Let me begin this post by discussing what is not professional development. If you follow any blogs on teaching, you may have already seen this video – in a way, it has gone viral among progressive educators fighting against this kind of mindless “teaching.” (Training might be a more appropriate term for what is happening here.) Without further ado, here is the video:
Evidently, this is what passes as professional development for some teachers in Chicago. Let me repeat, unless you had any doubts: this is not professional development.
I recently had the pleasure of going through a similarly mind-numbing training session. It wasn’t much different from plenty of training sessions that I have attended as a teacher. Powerpoint slides reminiscent of something sterile and hospital-like, a droning voice explaining inane testing procedures in detail, and teachers in various states between disengaged and near-comatose. However, the only thing different from the usual was that instead of being talked at by some poor person hired to visit our district, we were watching a training video from PARCC related to the field testing of their new assessments. What is surprising is that we (the teachers) hardly noticed the difference between the droning computer speakers and a droning live speaker.
My experience in the PARCC session, the Chicago teachers’ experience in the video, and similar training sessions pass for “professional development” in many schools and districts around the nation. Professional development is conceived as a passive experience – teachers sit and listen, “experts” dispense knowledge. How, then, are we expected to stop lecturing to our students and start involving them in hands-on learning? My teacher friends and I have shared quiet laughs in the past as experts who have been out of the classroom for decades beat us over the head with PowerPoint slides explaining how our students should be more involved in their learning.
So, what is professional development? Let’s break apart the term – first, professional. This implies that teachers are treated as other professionals would be treated. Professionals are given the opportunity to pursue their own topics of interest. Professionals collaborate with other professionals. Professionals are trusted to want to learn. Second – development. Development implies growing, evolving, learning. Not being talked at.
In case you haven’t been fortunate enough to be involved in real professional development, let me explain just a couple of my experiences and why I love it.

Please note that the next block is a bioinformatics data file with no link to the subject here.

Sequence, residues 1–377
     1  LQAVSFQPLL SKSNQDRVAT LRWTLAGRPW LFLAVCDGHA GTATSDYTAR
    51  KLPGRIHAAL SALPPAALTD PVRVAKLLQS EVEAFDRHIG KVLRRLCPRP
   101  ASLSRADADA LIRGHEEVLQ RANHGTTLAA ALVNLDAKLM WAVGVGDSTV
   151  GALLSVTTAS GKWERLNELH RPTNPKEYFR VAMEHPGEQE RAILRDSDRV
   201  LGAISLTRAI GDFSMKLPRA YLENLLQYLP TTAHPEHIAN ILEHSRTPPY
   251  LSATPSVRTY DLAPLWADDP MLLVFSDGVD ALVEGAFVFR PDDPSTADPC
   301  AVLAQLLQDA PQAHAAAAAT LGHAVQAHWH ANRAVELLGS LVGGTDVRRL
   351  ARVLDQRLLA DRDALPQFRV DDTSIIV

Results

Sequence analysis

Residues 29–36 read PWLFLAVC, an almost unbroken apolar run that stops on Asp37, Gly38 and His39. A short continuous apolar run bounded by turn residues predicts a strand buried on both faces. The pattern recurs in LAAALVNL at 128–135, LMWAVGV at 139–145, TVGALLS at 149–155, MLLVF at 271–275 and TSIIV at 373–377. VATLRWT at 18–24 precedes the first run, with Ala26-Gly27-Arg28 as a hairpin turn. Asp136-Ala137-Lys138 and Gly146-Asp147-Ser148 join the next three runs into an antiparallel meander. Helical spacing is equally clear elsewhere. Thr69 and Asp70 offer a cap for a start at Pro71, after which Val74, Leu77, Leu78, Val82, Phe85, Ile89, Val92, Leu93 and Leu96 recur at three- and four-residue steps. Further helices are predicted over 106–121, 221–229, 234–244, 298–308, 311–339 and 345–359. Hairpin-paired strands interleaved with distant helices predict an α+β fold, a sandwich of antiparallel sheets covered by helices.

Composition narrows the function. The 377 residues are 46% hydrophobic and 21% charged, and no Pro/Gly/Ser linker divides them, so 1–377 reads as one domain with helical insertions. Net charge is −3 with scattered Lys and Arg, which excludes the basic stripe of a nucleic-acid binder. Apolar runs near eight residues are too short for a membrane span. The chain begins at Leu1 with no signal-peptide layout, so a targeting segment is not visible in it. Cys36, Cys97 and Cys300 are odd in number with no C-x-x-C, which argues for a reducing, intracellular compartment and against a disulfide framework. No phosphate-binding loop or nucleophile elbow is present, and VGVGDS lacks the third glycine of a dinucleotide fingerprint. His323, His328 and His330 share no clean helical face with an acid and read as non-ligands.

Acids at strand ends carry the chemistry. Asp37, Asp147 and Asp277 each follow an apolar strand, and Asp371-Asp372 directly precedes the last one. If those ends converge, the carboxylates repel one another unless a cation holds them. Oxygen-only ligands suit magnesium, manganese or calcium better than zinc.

In the fall, I had the opportunity to attend an edCamp session at the University of Central Arkansas in Conway. I chose to attend on my own after hearing about edCamp online. My wife traveled with me to Conway early one Saturday before the sun came up, and by the time we got to UCA, I was tired. However, my energy was soon revived as I engaged in conversations about technology, maintaining momentum, and new the teacher evaluation system in our state. However, none of these discussions or sessions were predetermined for us – we made them up that day, and we were free to come and go from conversations as we pleased and to adjust our own discussions and learning as we wanted. I learned more by talked to my colleagues around the state that day than I had in weeks of other teacher training sessions. Simply put, it was a liberating experience. That was professional development.
Recently, I finished reading The Book Whisperer by Donalyn Miller. I read it in just a few sittings – I soaked it in. I had been thinking deeply about sustained, free-choice reading in my classroom for the past two school years. I had been trying to implement some kind of workshop format in my ELA classes for a while. Donalyn’s book gave me the inspiration to get started. I couldn’t read fast enough to start incorporating classroom routines I loved and experimenting with new lesson plans. And, after I finished, I couldn’t get enough – I immediately ordered her newest book, Reading in the Wild. (It’s just as amazing, in case you were wondering.) As I read professional books like these, I am learning how to be a better teacher, sometimes without even realizing it. That is professional development.
This kind of self-directed, inquiry professional development is what I love. I love getting to learn about topics that interest me, try out what I’ve learned in my classroom, and reflect on my own experiences in my teaching journal (yes, I really have one of those). This is really professional development, and this life-long learning and pursuit of knowledge is exactly what I want to instill in my students every single day.